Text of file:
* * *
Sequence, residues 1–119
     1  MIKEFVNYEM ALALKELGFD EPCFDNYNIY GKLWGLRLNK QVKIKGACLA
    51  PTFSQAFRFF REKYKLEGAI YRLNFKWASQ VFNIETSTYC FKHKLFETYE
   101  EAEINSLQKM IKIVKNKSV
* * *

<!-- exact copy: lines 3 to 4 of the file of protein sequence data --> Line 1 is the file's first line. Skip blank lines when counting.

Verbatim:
    51  PTFSQAFRFF REKYKLEGAI YRLNFKWASQ VFNIETSTYC FKHKLFETYE
   101  EAEINSLQKM IKIVKNKSV